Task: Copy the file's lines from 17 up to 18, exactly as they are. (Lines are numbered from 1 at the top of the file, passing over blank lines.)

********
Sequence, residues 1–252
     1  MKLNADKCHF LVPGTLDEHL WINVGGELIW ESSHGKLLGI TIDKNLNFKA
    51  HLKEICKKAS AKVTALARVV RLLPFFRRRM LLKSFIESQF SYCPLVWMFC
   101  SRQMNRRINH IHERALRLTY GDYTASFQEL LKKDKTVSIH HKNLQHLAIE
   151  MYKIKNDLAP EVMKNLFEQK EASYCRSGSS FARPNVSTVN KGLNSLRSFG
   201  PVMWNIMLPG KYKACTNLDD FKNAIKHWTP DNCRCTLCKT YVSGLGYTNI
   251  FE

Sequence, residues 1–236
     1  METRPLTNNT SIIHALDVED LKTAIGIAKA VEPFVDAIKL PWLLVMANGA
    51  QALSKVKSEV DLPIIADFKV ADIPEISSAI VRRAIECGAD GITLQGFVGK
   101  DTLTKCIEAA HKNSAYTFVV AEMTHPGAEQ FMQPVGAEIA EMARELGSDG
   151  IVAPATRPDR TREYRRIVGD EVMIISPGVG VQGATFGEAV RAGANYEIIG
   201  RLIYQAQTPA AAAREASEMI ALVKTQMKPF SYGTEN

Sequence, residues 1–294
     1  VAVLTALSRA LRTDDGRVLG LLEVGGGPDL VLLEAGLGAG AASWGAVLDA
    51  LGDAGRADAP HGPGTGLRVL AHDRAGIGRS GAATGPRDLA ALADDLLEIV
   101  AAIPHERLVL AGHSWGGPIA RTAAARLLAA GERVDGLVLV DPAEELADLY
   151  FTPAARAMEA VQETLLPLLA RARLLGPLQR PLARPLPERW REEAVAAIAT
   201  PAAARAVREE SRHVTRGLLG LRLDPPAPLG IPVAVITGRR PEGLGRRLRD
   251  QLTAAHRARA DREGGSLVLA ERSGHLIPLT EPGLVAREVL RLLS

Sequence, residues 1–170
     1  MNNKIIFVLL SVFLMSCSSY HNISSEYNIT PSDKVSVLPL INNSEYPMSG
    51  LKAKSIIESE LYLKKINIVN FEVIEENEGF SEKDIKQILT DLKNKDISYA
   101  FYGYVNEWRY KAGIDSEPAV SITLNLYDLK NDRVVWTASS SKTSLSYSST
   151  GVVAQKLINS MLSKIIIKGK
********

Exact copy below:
   101  AAIPHERLVL AGHSWGGPIA RTAAARLLAA GERVDGLVLV DPAEELADLY
   151  FTPAARAMEA VQETLLPLLA RARLLGPLQR PLARPLPERW REEAVAAIAT